Why Welding Robots Won’t Replace Welders Anytime Soon (Arguments for Welders)
Just how much is welding becoming automated? Will welding be completely automated in the future? Will welding robots replace humans?
These are some of the many questions experienced, and younger welders are asking as they ponder the current state of automation in the welding industry. Due to the jarring shortage of welders and an abundance of news articles pointing to robots taking over welding jobs, many welders may be concerned that they will lose their jobs to automation.
However, the reality is more nuanced than that.
Let’s find out why.
What Is the Current State Of Automation in the Welding Industry?
Many experts predict that welding robots can replace up to 80% of welding jobs, with welding tasks becoming more and more automated over the next five to ten years. The reason? Manufacturers and fabrication shops are finding it extremely difficult to find welders. Here are some startling facts:
It stands to reason that companies are turning to industrial robots, and particularly collaborative welding robots (cobots) to keep up with demand, not lose sales and stay in business.
While robotic systems may replace several functional aspects of welding, there are many reasons why welding robots will not replace humans.
Let’s answer the main questions welders may ask!
Can Robots Replace Human Welders Completely?
There is great news for manual welders. There are many reasons why robots can’t take over welding spots. The idea that robots will replace humans is drastically exaggerated by fear-mongering and flashy headlines.
Robots need people (especially welders!) too
Automated manufacturing workflows with industrial robots and cobots nevertheless need experts to operate them. It is impossible to think that a company can simply set up a robot and let it run its course for each job. Qualified welders are still needed to help to operate the welding robotics systems, inspect parts, etc. Many businesses are providing comprehensive training to upskill welders in order to work with robots and elevate their work conditions.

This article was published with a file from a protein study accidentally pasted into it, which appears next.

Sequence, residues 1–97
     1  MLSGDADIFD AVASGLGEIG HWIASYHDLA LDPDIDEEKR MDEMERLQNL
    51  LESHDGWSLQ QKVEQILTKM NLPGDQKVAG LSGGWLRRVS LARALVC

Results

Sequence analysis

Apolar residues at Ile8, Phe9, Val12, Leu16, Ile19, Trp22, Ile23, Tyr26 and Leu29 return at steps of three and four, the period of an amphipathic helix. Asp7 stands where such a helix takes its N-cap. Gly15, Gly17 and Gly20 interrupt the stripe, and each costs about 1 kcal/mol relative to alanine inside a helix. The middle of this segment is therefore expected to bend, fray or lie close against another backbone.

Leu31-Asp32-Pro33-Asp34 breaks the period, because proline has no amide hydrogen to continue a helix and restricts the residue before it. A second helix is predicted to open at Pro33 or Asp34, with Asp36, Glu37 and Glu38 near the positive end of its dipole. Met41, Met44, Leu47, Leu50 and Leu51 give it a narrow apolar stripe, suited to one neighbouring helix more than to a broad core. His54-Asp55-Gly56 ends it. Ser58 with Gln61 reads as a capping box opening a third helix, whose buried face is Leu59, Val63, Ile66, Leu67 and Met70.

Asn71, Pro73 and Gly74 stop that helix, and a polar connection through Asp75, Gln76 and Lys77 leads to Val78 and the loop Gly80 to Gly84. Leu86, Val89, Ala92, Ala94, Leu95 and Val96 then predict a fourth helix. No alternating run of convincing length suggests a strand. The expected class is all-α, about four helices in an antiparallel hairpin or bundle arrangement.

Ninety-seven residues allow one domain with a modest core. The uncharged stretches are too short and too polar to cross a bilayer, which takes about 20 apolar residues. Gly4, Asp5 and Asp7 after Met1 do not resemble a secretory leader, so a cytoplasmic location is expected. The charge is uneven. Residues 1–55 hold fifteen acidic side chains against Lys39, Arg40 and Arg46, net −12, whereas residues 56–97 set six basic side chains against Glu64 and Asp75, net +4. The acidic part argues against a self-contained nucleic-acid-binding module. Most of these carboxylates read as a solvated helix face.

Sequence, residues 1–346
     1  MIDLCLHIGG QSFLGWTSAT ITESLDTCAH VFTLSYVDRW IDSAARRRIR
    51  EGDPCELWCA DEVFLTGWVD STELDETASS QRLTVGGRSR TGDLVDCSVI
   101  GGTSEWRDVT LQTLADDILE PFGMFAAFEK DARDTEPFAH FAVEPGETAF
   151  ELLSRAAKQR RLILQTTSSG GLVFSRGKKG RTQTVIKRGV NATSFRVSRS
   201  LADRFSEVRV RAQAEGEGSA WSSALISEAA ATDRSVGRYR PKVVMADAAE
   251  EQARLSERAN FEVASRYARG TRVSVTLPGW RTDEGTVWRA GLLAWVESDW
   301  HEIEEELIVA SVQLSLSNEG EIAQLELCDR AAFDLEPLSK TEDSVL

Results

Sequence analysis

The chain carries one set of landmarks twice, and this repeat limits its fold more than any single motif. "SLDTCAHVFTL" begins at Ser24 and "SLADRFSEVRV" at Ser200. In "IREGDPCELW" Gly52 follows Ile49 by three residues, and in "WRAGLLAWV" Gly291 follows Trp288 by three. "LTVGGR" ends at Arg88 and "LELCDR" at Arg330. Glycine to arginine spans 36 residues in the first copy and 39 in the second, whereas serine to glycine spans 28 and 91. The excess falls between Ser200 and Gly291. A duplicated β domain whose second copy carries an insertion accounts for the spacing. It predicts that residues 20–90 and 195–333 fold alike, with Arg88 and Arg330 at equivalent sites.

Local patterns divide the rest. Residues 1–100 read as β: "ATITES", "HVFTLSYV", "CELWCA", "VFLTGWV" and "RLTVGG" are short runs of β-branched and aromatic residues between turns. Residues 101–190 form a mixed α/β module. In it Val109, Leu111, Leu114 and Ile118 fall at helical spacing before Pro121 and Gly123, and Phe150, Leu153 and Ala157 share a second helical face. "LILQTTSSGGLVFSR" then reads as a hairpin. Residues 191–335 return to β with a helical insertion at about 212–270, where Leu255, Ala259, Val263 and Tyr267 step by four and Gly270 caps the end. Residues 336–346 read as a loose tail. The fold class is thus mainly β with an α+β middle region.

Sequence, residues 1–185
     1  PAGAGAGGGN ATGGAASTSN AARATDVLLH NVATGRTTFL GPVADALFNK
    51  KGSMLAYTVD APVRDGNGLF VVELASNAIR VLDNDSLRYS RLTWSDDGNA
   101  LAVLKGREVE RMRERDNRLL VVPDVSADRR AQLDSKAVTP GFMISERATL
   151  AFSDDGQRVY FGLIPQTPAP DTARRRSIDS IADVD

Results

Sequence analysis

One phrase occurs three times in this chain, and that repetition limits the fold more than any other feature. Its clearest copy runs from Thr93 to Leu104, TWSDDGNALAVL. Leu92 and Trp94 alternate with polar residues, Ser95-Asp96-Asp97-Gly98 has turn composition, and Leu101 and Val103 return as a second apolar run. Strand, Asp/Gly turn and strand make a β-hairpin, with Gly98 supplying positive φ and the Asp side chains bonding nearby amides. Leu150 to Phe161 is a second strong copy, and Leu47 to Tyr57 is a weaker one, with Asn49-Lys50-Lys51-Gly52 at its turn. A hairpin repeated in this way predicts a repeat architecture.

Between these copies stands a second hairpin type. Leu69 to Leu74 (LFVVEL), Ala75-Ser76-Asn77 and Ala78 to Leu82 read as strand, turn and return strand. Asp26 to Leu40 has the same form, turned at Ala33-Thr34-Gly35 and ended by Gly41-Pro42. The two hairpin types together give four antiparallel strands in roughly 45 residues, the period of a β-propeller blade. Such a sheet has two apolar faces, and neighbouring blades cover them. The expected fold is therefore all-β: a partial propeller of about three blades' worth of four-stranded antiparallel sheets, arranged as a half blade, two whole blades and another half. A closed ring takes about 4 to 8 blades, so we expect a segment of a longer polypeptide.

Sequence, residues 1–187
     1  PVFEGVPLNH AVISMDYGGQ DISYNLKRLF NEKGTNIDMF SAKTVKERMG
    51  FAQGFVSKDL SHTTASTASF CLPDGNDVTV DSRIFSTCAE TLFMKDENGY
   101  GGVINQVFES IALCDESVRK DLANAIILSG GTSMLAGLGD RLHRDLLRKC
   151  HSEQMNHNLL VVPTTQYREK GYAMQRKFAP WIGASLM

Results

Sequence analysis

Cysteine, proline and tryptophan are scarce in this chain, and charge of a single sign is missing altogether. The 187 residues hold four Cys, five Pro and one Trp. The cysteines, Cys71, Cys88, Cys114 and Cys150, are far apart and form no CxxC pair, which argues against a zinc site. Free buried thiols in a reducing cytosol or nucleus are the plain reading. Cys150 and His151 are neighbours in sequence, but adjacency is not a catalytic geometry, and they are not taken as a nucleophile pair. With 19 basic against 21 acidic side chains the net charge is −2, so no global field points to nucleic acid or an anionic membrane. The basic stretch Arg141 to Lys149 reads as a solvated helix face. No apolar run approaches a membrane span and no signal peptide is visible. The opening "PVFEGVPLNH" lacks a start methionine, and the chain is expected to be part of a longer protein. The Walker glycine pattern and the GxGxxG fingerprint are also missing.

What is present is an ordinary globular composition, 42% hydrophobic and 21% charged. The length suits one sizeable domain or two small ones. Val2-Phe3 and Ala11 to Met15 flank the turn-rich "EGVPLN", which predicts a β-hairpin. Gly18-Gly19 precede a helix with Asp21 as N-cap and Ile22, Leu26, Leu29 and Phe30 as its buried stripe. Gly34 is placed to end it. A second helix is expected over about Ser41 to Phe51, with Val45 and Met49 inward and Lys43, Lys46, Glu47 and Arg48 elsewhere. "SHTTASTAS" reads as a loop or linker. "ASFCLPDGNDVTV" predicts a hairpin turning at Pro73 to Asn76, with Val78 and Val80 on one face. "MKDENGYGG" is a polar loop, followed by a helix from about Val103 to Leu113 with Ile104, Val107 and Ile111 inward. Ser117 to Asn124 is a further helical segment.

Complex welding jobs
Industrial welding robots and cobots are often implemented to automate repetitive welding tasks and for high-volume production. Many welding jobs, however, are not suitable to be automated (more on that later). As product manufacturers develop more sophisticated designs in order to out-edge the competition, boost performance, or drive down costs, welding projects are increasingly becoming, in many instances, more complex. There are so many different types of welds for different industries and market needs, that expert human welders far outperform welding robots.
Keep in mind that conventional industrial robots need to be reprogrammed for each welding job. This can be very inefficient and expensive for a business to use a welding machine for low-volume/high-mix work. It is much faster and more cost-effective for human welders to tackle low-volume/high-mix jobs. For example, some welding projects, such as in the pipeline and construction sectors, entail field work for on-site repairs or hard-to-reach places. An industrial robot just can’t cut it in these applications.
Agile and better decision-making
Artificial intelligence, also known as AI, is often described as going hand-in-hand with robotics systems and the panacea of the future of decision-making processes. Indeed, AI, which basically collects data from machines in order to improve manufacturing performance, will play a part in companies’ digital transformation towards automated welding.
Smart robots will provide the data businesses need to increase productivity and quality. However, just because robots generate data doesn’t mean they will be making all the decisions automatically. Humans, including welders and welding teams, will still be called upon to interpret the information and make the right decisions for welding projects and workflows.
How Welding Automation Is Impacting Jobs in the Welding Industry
Will robots take over welding? Will jobs in the welding industry drastically decrease because of industrial robots or cobots? The answer is no. There will always be a place for human welders. The jobs will shift and evolve, however.
The future of human welding is actually very bright! There are many job opportunities that will be available for a long time to come for welders. And, as mentioned before, as businesses acquire robots or cobots for welding, they are also planning to invest in training for welders to be able to use automated welding systems.